Creating the journalism Spam State

I’m working on a diatribe about journalism in general, but I need to temper and hone my argument better before I post it here. In the meantime, I’ll comment on a smaller portion of the evolving journalism industry: Citizen journalism.

Everyone’s got an opinion as to the evolution of the industry right now, but the ones that drive me the most crazy are these advocates of citizen journalism. Not only as a working journalist, but as a member of this society, I feel like full-scale citizen journalism will be a horrible development.

I’ve spoken at length with Caitlin M. Foyt about this idea. She likes the idea of citizen journalism in a lot of ways – instead of one perspective on events, you get many. You get eye-witness accounts of said events, and different people’s first-hand knowledge of what happened, from diverse voices.

It sounds great, and in certain instances and under certain circumstances, it is. Crowd-sourced news can be great.

Provided there’s a filter.

But often there isn’t. The idea that any clown from any place can write any thing on the Internet and not only are we going to believe it, but we’re going to encourage it, scares the hell out of me. I went to school to do this; if we educate people to do it, probably there’s something important to learn about doing it.

The consideration of ethics, of what’s fit to print and what should be held back, about doing harm when harm is unnecessary or mitigating collateral damage against the innocent, were all major subjects of study during my time at Central Michigan University.

Citizen journalists have no concept of ethics. There are plenty of things that most people don’t think about until after the fact – like the publishing of names of accused people, for example, or of photos showing people in compromised situations. Like at the moment of their deaths.

Not to mention that there’s nothing stopping all these random contributors from just posting whatever they want. Just because you have the name of someone who’s been arrested, or a rape victim, or whatever, doesn’t mean it should be public information.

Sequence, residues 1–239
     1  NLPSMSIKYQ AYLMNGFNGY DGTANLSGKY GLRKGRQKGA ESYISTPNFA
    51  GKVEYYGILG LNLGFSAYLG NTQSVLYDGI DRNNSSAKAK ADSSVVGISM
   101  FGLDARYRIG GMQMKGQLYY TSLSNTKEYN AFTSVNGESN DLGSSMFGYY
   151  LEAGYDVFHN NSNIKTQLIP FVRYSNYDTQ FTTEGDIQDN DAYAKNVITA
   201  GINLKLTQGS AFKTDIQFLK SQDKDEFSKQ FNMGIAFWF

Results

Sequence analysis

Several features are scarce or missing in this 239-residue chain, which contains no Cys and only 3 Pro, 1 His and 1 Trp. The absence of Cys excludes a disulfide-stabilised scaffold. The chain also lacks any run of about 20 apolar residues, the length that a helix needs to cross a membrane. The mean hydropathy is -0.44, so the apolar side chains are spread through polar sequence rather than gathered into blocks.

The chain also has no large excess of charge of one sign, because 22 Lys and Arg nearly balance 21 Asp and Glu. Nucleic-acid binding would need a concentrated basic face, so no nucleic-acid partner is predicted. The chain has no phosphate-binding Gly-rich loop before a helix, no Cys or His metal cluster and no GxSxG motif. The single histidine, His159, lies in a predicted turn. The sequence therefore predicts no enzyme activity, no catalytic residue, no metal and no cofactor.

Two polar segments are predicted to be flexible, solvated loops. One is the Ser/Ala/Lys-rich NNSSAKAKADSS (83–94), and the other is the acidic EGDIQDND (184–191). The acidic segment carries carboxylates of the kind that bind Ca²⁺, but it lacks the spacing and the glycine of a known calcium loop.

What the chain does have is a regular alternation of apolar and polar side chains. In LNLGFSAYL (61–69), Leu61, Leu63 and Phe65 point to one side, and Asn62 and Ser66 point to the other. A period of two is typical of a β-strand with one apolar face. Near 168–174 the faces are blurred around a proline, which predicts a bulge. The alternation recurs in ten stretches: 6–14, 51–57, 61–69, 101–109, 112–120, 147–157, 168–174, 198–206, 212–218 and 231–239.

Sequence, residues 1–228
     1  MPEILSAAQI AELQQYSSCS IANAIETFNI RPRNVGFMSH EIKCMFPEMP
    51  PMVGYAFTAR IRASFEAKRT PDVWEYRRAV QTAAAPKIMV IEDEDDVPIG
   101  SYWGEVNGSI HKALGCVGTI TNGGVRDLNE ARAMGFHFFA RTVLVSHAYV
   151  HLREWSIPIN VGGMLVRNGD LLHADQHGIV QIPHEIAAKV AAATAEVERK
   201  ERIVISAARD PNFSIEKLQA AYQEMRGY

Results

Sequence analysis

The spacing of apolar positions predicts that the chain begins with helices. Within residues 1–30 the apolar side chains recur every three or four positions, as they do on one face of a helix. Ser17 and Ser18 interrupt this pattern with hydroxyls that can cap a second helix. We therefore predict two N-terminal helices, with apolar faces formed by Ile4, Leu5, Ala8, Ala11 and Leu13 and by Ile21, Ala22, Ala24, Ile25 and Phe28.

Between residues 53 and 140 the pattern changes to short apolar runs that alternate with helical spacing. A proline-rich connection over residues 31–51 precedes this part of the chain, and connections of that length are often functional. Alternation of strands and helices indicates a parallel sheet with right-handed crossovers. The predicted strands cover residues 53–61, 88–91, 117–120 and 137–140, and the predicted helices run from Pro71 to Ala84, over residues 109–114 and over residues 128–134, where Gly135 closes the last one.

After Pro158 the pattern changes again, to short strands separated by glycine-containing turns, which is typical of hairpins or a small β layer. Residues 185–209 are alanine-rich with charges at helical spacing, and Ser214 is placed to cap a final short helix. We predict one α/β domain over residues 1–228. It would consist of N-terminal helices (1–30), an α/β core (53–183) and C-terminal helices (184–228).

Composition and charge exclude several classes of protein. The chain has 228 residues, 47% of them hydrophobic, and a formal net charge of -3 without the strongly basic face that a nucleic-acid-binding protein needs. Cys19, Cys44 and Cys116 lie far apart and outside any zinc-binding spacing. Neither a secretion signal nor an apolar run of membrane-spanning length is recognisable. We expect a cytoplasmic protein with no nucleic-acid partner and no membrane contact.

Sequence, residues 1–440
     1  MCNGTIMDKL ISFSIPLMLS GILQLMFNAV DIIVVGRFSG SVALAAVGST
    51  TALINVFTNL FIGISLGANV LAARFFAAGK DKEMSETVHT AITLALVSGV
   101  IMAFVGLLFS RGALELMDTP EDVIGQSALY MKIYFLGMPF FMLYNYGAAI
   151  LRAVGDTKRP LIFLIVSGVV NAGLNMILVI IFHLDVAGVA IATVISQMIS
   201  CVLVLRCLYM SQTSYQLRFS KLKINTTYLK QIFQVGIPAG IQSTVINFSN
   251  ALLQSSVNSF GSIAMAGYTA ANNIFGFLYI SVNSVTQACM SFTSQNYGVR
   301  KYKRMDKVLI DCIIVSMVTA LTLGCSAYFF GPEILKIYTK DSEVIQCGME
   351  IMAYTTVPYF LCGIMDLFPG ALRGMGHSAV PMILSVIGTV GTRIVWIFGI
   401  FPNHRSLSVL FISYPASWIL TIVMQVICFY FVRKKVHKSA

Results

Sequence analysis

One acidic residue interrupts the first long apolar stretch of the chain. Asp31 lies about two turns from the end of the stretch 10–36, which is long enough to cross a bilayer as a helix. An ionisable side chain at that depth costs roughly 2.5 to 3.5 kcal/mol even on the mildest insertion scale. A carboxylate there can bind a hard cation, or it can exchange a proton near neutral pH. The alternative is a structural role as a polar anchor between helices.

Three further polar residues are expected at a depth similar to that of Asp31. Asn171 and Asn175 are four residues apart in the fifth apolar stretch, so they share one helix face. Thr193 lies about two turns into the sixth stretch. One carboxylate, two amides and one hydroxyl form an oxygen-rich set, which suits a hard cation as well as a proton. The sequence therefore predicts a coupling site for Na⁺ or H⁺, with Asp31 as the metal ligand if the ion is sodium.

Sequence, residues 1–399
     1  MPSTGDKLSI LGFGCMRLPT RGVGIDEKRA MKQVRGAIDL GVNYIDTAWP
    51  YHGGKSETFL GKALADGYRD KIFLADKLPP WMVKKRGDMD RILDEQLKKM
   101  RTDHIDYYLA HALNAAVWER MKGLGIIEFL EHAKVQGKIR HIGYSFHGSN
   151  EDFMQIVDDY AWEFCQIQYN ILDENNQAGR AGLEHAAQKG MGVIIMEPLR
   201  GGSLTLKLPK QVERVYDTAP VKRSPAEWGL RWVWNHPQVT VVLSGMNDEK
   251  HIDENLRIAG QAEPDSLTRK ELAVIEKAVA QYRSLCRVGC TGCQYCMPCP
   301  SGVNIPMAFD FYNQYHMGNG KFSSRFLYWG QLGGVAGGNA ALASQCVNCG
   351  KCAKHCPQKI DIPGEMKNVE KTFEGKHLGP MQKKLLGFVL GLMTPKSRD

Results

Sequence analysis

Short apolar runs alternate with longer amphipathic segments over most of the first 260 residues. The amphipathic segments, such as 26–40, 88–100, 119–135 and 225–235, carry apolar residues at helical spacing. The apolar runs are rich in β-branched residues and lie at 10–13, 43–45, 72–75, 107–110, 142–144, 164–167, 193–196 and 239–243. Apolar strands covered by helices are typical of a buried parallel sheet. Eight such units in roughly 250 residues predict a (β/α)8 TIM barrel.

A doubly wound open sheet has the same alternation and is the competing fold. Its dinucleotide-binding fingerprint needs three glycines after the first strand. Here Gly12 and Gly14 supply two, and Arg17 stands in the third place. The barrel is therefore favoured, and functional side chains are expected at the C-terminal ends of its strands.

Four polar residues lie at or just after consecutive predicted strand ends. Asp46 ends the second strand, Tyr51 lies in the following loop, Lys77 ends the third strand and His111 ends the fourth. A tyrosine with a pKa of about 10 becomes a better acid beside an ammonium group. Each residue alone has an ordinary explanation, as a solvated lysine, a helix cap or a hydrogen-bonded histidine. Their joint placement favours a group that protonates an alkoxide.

There’s also nothing stopping these people from running rampant and publishing anything they want, true or not, verified or not. Or pushing their agendas and sculpting the news to fit their world views. All these things, all these biases, are supposed to be avoided by professional journalists. While this doesn’t always happen the way we’d like, at least we all recognize that we’re supposed to try to practice journalistic ethics.

Yes, citizen journalism can be extremely useful in certain situations. My favorite example is a car crash. Lots of eye-witness perspectives of people who happen to be there can bring clear focus to an event that has the potential to be confusing after-the-fact. In that regard, I like citizen journalism, because many accounts mean more of the picture is revealed.

But for a crime? For a government meeting, or a new bill going through the state senate, or anything concerning the rights of the accused, or corporate malfeasance, or any number of other things that newspapers and journalists are supposed to cover and cover well – no, thank you. No citizen journalists can handle things like that.

For one, they don’t know how. Two, they don’t know, or don’t care, that everyone is entitled to certain rights and that you protect those rights. Accused criminals are innocent until proven guilty, even if they’re accused of molesting children or murdering grandmas and puppies. But blogs and Internet comments ALREADY are rife with people leaping to conclusions, convicting people because they’ve been arrested, calling for public executions (really – that happens on newspaper comments all the time). These are the people I’m supposed to trust to give me the truth?

And that’s the other thing: What truth is there when there’s no one looking over your shoulder, making sure you get it right? The best part of the journalism industry is that reporters can’t just make things up (usually). They can’t just put together a story with only one side of things told. Because there are laws. There are editors. There are people who know better reading things over and saying, “You haven’t done a good enough job of meeting our standards.”

One of my major problems with journalism today is that these standards have become far too lax, but they still exist – unless you’re talking about a blog, or a citizen journalist, who not only doesn’t have these rules and this oversight, but has no idea what these journalists and editors are even looking for.